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On Father's Day

Joined: 6/22/2009
Posts: 52

On Father’s Day

The origins of Father’s Day are less clear than Mother’s Day. But for the sake of fun, let’s call this the 100th anniversary of the day it was observed for the first time, according to some reputable sources, in Spokane Washington in 1910. It did not in fact become a legal holiday in the US (where so many holidays seem to be born) until President Lyndon Johnson in one of his better moves declared it so in 1966. It became an annual event beginning in 1972. I think that is when Hallmark and other such retail operations most likely really began to capitalize on this ‘new holiday’.

My feeling about such holidays is that they punctuate annually an important dynamic that occurs every day of the year. Fathers or father figures are, after all, a very influential part of our lives. In my life, I have had numerous father figures, the greatest of whom thankfully is my own father. I have learned many essential life skills from these men and have developed close relationships with them unlike any others.

In school, there were teachers, sports team coaches; there are ministers and counselors; there are uncles and grandfathers and cousins; there are guys of all ages with whom we can feel comfortable sharing our troubles, our victories, our disappointments and our lives. I find myself needing fatherly advice on a regular basis on a whole host of subjects. I like fatherly advice. It usually comes with a minimum of judgment, the wisdom of years of experience, and a certain type kindness which often times masquerades as a heavy hand.

Even though it may be difficult to admit it at times, we all need a helping hand, a leg up, or a kick in the pants. These great men help us to establish our life’s boundaries. They keep us safe and they teach us how to keep ourselves safe. They can be very tolerant of the mistakes we make along the way; yet they can become necessarily intolerant when that mistake is repeated. If they didn’t care, they wouldn’t make the time in their own busy lives to guide us away from forming dangerous habits, while at the same time showing us how to enjoy many of life’s pleasures and have fun!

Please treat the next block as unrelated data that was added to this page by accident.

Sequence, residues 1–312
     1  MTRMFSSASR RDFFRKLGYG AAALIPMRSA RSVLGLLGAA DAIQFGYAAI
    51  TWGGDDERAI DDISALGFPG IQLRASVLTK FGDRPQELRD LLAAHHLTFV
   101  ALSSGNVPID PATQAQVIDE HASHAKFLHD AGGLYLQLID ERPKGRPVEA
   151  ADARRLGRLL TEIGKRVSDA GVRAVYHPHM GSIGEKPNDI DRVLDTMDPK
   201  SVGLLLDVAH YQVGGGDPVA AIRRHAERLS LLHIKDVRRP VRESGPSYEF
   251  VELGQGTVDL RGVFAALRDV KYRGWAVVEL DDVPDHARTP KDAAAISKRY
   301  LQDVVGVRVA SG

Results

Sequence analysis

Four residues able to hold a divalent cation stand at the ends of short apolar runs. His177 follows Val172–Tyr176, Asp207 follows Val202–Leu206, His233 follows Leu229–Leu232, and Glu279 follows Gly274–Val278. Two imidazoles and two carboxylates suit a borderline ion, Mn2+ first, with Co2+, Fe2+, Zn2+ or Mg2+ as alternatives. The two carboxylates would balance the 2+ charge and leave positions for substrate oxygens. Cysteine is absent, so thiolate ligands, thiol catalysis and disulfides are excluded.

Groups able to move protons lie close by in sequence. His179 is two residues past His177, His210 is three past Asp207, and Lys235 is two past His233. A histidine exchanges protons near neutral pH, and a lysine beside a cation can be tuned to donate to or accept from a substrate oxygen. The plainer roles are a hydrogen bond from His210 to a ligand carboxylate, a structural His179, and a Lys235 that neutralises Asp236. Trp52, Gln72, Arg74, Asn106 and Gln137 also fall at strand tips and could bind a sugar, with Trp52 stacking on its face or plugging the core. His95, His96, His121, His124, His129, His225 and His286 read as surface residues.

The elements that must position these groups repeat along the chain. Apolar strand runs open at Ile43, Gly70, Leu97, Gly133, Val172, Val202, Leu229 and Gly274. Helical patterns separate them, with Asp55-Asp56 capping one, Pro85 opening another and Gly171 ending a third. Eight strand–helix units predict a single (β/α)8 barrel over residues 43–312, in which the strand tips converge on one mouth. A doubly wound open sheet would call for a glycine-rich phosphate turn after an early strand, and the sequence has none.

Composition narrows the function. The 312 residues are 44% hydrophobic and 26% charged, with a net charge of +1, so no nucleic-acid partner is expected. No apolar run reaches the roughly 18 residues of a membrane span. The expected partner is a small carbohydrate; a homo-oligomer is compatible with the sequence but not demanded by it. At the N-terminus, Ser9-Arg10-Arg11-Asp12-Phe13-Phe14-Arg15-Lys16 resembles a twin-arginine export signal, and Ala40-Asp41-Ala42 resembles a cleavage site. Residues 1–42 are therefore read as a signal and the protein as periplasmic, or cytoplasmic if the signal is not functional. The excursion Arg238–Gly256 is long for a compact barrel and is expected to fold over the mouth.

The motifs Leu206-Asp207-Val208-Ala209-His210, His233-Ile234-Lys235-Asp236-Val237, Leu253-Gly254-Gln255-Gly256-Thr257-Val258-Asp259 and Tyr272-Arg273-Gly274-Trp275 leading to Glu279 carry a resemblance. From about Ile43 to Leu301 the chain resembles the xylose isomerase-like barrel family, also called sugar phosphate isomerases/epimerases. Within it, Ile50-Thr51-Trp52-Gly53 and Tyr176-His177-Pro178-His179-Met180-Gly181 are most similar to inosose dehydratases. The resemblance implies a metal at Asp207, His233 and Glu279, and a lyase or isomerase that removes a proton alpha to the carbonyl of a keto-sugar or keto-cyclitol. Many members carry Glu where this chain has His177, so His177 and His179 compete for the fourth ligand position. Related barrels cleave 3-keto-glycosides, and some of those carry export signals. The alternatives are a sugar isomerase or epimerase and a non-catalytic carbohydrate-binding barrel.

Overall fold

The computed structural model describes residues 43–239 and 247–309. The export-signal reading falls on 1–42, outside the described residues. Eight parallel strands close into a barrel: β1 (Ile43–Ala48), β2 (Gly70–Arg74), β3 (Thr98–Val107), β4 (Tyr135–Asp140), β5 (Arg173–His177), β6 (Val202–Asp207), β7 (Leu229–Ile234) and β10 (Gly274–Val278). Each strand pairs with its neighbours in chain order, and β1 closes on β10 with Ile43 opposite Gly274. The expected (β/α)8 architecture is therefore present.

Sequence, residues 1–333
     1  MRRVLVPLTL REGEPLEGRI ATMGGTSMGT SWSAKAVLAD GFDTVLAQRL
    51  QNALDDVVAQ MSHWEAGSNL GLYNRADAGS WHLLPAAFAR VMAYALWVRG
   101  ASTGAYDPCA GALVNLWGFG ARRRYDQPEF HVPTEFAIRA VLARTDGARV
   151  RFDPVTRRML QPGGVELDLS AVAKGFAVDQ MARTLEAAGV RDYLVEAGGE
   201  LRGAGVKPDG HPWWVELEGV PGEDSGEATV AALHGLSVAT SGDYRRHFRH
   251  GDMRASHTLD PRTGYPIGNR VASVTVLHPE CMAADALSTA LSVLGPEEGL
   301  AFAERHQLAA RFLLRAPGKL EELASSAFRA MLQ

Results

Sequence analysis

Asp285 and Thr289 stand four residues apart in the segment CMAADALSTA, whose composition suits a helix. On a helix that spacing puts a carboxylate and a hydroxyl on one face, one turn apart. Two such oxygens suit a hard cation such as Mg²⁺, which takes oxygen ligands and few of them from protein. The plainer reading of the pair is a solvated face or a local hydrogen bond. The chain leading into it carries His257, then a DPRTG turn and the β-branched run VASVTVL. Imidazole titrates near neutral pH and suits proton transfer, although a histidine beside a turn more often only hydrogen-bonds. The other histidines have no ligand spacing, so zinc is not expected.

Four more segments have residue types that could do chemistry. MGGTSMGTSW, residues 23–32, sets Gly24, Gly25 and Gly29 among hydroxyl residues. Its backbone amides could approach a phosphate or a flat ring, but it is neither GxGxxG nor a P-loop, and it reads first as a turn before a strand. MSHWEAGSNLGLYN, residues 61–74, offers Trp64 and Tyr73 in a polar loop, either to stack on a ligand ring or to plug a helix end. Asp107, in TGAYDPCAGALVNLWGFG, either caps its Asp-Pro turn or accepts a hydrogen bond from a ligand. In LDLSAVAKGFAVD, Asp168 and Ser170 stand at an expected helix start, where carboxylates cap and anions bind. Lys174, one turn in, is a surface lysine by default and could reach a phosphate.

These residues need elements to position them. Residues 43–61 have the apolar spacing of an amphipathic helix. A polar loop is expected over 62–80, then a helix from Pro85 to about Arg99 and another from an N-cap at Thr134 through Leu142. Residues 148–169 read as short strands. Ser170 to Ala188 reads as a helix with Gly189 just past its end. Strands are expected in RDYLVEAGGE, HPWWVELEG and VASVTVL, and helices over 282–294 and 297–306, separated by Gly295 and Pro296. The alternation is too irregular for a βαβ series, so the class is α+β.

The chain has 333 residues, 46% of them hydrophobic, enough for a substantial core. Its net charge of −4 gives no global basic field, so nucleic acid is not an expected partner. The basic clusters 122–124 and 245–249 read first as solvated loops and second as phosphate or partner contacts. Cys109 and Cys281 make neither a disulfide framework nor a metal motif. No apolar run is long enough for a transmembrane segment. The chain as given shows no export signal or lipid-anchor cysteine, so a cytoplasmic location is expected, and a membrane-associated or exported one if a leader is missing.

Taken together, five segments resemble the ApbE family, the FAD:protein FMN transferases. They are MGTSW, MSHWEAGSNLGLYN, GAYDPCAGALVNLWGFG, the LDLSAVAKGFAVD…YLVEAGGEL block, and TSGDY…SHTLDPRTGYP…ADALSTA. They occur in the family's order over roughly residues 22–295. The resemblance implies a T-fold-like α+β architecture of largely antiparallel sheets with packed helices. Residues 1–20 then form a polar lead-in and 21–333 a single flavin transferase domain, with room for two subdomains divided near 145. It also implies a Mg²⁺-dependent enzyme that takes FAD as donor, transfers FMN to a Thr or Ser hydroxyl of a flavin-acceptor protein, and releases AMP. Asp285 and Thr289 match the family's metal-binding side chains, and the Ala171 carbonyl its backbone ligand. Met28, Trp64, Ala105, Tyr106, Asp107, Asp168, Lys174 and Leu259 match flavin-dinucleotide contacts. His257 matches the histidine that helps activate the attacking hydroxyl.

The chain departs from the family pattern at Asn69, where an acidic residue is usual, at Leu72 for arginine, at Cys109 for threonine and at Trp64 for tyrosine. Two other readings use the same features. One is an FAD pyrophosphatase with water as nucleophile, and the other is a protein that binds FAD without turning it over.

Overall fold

Although I never had any children of my own, I have been a father figure to many. It is a role which has been very grounding and very humbling. People have sought my advice professionally over the years in the realms of collecting art, stamps or books; the natural rearing of and breeding and showing of pure bred dogs; and, yes, proper etiquette, social graces and how to throw a great party. These experiences fall into the realm of making a living and surviving. But then there are those times when people want advice of a more personal nature such as how to handle a difficult situation, how to get into or out of a relationship, or how to digest and make sense of world affairs. These questions require answers which come from my own life experience. That is why they ask me the question and not someone else. They want my input. They want to know what I would do.

And to all of the men reading this column, this is exactly why they ask you these questions too. These are what I refer to as fatherly questions. They fulfill a parental need in another person who wants to sort of borrow me as a parent for the moment. To me, this is very deeply satisfying and fulfills in me the need to be a parent for that same brief moment.

This exchange is a wonderful example of how two people can show respect for one another. They value the other person for how they think, how they act, and how they live their life. It is this very social interaction which is carried from one generation to the next on the backs of mentors, sages and parents which sustain the human species. How we learn to behave depends on those who come before us and in whom we entrust our lives. These finely honed skills are the etiquette of life. Without them, we are less than we might be in our lives.

So today, take some meaningful time to honor your father and those people who have played that role on your stage of life. Without them, you would be very empty. Giving gifts and cards is a nice way to mark this special day, but it is the heartfelt sharing of a few kind words that will have the most impact. It is also a great day to look around at those who could use a helping hand or a leg up and do what you can to extend yourself. This shows how respect can once again produce a win-win outcome. Happy Father’s Day!

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